David Pullara is a marketing expert with over 20 years of experience in business management, brand strategy, integrated marketing communications, and product innovation. In his career, he’s spent over a decade working with world-renowned, consumer-centric organizations like Starbucks, Yum! Brands, Coca-Cola, and Google. Today, he serves as the Principal of dp Ventures (a firm offering consulting, advising, training, and fractional CMO services to businesses that want to accelerate their growth through effective marketing) and as a Marketing Instructor for York University’s Schulich School of Business (teaching the school’s “Retail Marketing Strategies” course to undergraduate, Master of Marketing, and MBA students).
Can you tell us a little bit about your background and how you got started in your field?
When I was a kid, and people asked me what I wanted to be when I grew up, I wouldn’t say rockstar, firefighter, or astronaut… I’d tell them I wanted to be the person in charge at Disney. My father was a business owner so I was familiar with the idea of running a business. And I knew Disney was a business… just one that brought stories to life. So I decided I would pursue a business path, and that decision was strongly reinforced by the fact that in high school I did really well in creative subjects like English and Music and really poorly in subjects like Chemistry and Trigonometry… so it’s really a good thing I never had my heart set on becoming an Astronaut! Once I got to business school, I realized that working in marketing would allow me to run a business and tell great stories by building great brands, so I pursued that path and never really looked back.
What are some of the biggest challenges you’ve faced in your career, and how did you overcome them?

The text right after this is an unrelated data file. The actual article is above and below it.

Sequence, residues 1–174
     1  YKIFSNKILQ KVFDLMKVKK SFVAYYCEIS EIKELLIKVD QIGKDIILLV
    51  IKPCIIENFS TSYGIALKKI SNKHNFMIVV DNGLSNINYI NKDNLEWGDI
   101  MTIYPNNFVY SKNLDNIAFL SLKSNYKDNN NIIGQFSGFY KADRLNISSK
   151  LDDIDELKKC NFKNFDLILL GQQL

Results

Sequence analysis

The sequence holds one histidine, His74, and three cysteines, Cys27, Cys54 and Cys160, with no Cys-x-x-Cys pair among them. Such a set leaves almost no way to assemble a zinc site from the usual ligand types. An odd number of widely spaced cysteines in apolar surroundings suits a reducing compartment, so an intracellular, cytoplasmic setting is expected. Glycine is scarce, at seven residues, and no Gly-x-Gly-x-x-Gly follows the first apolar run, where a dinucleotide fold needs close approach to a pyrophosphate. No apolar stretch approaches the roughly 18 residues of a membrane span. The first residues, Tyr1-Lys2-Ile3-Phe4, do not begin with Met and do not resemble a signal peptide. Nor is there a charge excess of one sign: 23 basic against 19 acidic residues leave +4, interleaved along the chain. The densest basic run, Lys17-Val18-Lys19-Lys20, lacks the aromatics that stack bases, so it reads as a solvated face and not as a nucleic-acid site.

I am not a patient person by nature. The positive way of saying that is that I have a “bias for action”, but I really had to learn to temper this double-sided personality trait and become more patient with people and processes even when — especially when — they didn’t move as quickly as I might have liked. Fortunately, I have had a few great mentors who have helped me understand the benefits of slowing down when that was warranted.
What are some of the most important lessons you’ve learned throughout your career, and how have they influenced your approach to leadership?
A leadership lesson I’ve really learned to appreciate is best summed up by a well-known quote from Theodore Roosevelt: “No one cares how much you know until they know how much you care.” When people know who you are and trust that you have their best interests in mind, it’s much easier to deliver big ideas, strong recommendations, or constructive feedback… but you need to earn that trust, and that doesn’t happen instantly. So when I start a new role or join a new team, one of my top priorities is to build authentic, transparent relationships with the people I’m going to be working alongside; I’ve found that having that relationship in place right from the beginning makes everything that happens after that much easier to manage.
One thing that people don’t know about you and not listed on your LinkedIn profile?